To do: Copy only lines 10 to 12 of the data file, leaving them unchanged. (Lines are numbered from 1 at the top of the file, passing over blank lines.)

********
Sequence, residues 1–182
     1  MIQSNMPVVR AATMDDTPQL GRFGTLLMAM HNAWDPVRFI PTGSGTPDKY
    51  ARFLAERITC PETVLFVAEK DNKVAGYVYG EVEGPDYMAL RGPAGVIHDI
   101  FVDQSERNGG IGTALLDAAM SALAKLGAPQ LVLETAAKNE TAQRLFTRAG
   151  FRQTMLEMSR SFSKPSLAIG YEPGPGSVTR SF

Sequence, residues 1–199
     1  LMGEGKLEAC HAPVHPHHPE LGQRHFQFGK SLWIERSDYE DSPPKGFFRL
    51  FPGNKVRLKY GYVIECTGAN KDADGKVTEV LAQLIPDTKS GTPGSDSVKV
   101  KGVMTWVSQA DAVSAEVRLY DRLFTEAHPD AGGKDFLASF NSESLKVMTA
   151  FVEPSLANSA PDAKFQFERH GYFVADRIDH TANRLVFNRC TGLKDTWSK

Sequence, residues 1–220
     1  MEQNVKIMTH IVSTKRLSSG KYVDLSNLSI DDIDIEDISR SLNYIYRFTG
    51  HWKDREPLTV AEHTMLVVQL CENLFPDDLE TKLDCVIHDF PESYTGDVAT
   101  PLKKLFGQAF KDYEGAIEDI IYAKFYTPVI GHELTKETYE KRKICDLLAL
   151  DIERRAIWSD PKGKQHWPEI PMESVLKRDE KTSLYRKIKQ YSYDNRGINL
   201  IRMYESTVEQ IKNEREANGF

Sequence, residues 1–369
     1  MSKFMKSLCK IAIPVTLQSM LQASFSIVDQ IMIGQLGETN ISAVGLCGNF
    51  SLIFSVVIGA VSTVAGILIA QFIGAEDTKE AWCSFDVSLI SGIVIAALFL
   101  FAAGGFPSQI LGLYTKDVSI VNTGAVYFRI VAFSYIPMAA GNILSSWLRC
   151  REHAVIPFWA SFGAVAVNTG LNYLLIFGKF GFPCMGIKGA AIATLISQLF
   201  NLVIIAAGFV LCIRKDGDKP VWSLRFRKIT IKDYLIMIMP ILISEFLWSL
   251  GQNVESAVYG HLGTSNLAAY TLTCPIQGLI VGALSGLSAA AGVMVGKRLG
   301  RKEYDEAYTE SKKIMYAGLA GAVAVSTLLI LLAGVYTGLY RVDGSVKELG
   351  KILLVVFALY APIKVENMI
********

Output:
   151  FVEPSLANSA PDAKFQFERH GYFVADRIDH TANRLVFNRC TGLKDTWSK

Sequence, residues 1–220
     1  MEQNVKIMTH IVSTKRLSSG KYVDLSNLSI DDIDIEDISR SLNYIYRFTG